Swans International School, Spain |


We are delighted to share a blog written by Bárbara Láinez Millán, a student at Swans International School who is part of a team delivering a Global Goals project for the 2018-19 Global Goals Competition.

Their project is among over 620 social action projects currently running as part of the GSL movement and we are excited to be supporting them to design and lead positive social change in their community. 

An eye-opening call to help relieve one of the most pressing issues we are experiencing in the 21st century and which will impact many to come.

Project Summary

Water waste is an extremely important issue in our modern society with more than a quarter of the clean, drinkable water our homes employ being poured down the drain every day. Not only don’t we realise the cost of this practice, but this also contributes to our growing ecological footprint which, inevitably, leads to the overall unsustainable ecosystem that is our planet.

As I am incredibly passionate about nature and the wonder that is our planet, I often get frustrated when I see how water is constantly contaminated and wasted. I realised how important an issue water scarcity and waste was when I found out that Lake Poopó, once Bolivia’s second-largest body of water, had evaporated completely, and the main suspect was global warming and climate change. I simply could not get my head around how the water situation could have reached that point, and I couldn’t just sit idly by and do nothing. This was our motivation to start this project.

We live in Marbella, in southern Spain, so water scarcity is an issue due to the warm, dry climate that we have here. Therefore, we chose to maximise the water-saving potential of our school so we could not only improve its sustainability but also relieve the burden on local water supplies by becoming more self-sufficient and making the water system here at Swans as closed as possible so water can be recycled and redistributed to a wide variety of uses.

Our main idea is to build a rainwater harvesting system which could be used to collect water, filter it and redistribute it throughout the school’s system. This water tank would also be connected to other sources of greywater in the school, such as water from taps which is not fit for drinking but could be reused, for instance, to water the gardens. Also, we are planning to reduce the water pressure and duration of water flow on taps, to find alternatives for school water fights and to change the times that the gardens are watered, so they’re watered as early as possible, before the sun is up, so less water is evaporated and absorption by plants is maximised.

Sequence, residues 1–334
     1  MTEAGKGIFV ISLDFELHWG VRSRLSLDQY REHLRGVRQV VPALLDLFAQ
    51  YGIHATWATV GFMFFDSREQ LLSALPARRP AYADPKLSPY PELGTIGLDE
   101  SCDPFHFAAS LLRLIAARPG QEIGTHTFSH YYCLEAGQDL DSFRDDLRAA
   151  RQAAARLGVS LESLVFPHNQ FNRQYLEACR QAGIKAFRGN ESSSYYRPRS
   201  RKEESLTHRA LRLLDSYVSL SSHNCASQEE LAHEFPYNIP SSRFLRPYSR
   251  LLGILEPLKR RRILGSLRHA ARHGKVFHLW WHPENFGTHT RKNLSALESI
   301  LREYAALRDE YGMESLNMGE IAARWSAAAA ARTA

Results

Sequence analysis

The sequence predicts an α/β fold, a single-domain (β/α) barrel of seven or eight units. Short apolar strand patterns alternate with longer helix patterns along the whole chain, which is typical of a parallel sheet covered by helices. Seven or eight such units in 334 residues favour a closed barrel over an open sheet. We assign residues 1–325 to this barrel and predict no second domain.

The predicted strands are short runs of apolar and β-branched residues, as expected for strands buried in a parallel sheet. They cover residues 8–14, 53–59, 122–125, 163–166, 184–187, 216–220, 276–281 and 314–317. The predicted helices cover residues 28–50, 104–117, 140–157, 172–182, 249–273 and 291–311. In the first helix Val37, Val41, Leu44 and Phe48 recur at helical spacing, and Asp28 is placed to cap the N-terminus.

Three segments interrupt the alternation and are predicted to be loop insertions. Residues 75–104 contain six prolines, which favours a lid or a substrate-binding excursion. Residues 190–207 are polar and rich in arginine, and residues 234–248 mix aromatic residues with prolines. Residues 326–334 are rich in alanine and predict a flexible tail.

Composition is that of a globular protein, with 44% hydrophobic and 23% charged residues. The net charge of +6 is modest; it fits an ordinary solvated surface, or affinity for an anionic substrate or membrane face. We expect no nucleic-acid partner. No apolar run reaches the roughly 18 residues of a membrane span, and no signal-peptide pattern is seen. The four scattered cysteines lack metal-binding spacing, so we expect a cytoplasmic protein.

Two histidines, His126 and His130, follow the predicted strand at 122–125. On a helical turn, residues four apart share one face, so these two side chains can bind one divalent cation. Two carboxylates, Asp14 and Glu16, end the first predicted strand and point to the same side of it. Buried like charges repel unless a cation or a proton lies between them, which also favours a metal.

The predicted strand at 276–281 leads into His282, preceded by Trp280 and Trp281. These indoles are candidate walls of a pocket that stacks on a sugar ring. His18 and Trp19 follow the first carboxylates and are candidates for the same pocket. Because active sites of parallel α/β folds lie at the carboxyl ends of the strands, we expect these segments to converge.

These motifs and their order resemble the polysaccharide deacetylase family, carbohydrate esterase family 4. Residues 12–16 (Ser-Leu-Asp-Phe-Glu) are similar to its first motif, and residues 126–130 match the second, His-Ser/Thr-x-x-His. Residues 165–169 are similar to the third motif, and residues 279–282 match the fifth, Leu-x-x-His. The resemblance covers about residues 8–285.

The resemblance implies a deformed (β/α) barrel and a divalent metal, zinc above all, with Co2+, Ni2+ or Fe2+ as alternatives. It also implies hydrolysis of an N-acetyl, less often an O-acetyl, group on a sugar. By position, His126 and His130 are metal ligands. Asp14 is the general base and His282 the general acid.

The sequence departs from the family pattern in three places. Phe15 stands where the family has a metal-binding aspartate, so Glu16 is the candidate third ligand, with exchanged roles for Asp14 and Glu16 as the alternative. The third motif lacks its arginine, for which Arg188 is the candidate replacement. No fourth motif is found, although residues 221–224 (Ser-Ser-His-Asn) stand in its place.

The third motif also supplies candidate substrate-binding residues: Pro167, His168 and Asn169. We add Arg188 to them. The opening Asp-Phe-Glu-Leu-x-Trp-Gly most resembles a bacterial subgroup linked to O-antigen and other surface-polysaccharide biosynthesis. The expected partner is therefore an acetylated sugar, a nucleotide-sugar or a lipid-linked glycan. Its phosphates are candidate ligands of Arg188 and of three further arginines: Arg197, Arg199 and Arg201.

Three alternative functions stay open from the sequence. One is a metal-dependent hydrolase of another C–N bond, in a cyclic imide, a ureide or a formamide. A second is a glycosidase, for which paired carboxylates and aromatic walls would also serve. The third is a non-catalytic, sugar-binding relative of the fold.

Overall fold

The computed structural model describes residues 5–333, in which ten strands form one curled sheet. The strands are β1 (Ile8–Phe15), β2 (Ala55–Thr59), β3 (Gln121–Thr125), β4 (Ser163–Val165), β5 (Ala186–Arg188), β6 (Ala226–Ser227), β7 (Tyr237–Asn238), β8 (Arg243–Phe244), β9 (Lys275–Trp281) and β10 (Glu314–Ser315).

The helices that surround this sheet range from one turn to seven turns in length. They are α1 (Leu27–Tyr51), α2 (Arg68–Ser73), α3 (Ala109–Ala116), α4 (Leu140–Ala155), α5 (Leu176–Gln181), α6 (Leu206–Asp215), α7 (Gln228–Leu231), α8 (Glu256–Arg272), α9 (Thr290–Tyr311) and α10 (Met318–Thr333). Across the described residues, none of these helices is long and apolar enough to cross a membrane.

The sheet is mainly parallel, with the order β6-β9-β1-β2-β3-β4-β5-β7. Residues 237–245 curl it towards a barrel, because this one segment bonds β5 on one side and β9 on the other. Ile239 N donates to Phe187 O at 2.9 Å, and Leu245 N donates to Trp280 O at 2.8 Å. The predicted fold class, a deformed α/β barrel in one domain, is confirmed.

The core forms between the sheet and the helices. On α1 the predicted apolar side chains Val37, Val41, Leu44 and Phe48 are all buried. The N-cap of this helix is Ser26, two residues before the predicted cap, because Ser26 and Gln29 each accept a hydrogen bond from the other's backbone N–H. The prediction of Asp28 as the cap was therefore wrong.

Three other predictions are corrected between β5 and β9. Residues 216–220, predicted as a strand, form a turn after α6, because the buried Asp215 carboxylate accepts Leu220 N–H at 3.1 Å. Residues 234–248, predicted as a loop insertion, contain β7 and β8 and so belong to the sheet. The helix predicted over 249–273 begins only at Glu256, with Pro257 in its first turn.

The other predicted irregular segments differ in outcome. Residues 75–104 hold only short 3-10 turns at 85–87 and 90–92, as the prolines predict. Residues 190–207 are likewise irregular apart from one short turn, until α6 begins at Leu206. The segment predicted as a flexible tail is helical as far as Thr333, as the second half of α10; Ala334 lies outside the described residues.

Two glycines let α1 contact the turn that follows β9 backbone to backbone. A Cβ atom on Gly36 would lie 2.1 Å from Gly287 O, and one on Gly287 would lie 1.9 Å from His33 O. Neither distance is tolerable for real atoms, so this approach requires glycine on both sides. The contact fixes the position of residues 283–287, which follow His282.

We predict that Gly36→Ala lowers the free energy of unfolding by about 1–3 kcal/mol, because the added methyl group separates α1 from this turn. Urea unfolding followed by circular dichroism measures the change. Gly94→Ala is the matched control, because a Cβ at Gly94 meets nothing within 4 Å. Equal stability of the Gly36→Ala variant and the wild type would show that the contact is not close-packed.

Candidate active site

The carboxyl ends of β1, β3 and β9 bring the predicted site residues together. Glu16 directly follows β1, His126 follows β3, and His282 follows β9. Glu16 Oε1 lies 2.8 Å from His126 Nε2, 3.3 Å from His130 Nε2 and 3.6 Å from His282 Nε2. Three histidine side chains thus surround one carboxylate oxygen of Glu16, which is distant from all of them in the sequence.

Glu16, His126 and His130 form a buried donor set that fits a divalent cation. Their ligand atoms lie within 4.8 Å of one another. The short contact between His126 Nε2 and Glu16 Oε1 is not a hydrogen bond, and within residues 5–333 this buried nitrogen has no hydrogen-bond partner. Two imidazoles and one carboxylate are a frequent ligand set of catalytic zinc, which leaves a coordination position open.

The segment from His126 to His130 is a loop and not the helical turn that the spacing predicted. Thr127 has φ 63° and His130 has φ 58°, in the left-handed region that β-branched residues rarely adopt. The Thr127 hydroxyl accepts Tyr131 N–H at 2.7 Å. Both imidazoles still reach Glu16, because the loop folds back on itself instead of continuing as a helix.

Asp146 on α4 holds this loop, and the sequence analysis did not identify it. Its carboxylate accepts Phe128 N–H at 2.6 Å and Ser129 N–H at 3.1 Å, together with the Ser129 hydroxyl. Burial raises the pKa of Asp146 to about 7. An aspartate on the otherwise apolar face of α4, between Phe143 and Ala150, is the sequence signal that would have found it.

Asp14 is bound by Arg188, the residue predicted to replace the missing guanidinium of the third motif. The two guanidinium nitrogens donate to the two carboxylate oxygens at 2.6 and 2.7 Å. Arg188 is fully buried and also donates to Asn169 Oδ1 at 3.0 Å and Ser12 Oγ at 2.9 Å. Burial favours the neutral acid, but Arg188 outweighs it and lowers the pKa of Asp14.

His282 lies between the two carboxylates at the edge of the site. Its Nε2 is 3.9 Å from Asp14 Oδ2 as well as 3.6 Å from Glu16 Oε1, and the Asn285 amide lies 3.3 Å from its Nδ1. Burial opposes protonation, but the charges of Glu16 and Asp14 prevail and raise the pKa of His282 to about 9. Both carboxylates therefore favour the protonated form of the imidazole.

Moreover, we would like to check the water system for leaks to make sure that no water is being wasted unnecessarily, educate students about water consumption in order to reduce waste in their homes too, and also introduce ways to reduce indirect water waste: ensuring that as much food as possible is fresh and locally-sourced ( water is required at every stage of food production – refining, processing… Eating fresher food means consuming less water, sugar, salt, preservatives and other chemicals.

Also, producing a tank of petrol requires a lot of water, so reducing the number of miles the food has to cover from farm to plate will also help save water, and the food will be fresher and richer in vitamins too! It’s a win-win situation) Furthermore, introducing Meatless Mondays, as beef is one of the most water-intensive proteins, needing 15,000 litres of water per kg, followed by red meats in general. Other, less water-intensive proteins include beans, lentils and peas. Chicken has a much lower water footprint than beef, so giving up or just cutting back on red meat could help too.

My Journey

As a result of participating in the Global Social Leaders competition, I have become more aware of environmental issues and how much water I consume every day. Furthermore, I feel like I’ve developed problem-solving and decision-making skills, and have been able to take initiative and voice my opinions during discussions with my peers and the senior management of our school, who we have met up with to discuss our project and whether it is possible to bring our ideas to fruition.

The biggest challenge we have faced is the issue of cost; rainwater harvesting systems are expensive to install despite the fact that, in the long run, water savings are massive and the return on investment is significant. However, we overcame this problem by suggesting several options for different types of systems, outlining the costs of each one and including diagrams and information on which systems would fit the school’s needs best at the lowest possible price.

The Next Chapter

I would definitely recommend to other people my age to get involved in similar projects. In fact, I already encourage my friends to be as environmentally conscious as possible and to participate in any event that will allow them to help our planet.

My call to action to them is to always reduce their environmental impact in as many ways as possible, even if they seem small or insignificant at the time, like taking shorter showers or turning the tap off whilst brushing their teeth, I remind them that it can have a massive impact in the long run if they keep it up and inspire others to do the same.

The 2018-19 GSL Global Goals Competition is now open and runs until June 2019. If you belong to one of the 700+ teams of students currently delivering a social action project as part of the competition we would love to hear from you and feature your blog and project photos on our website to inspire others.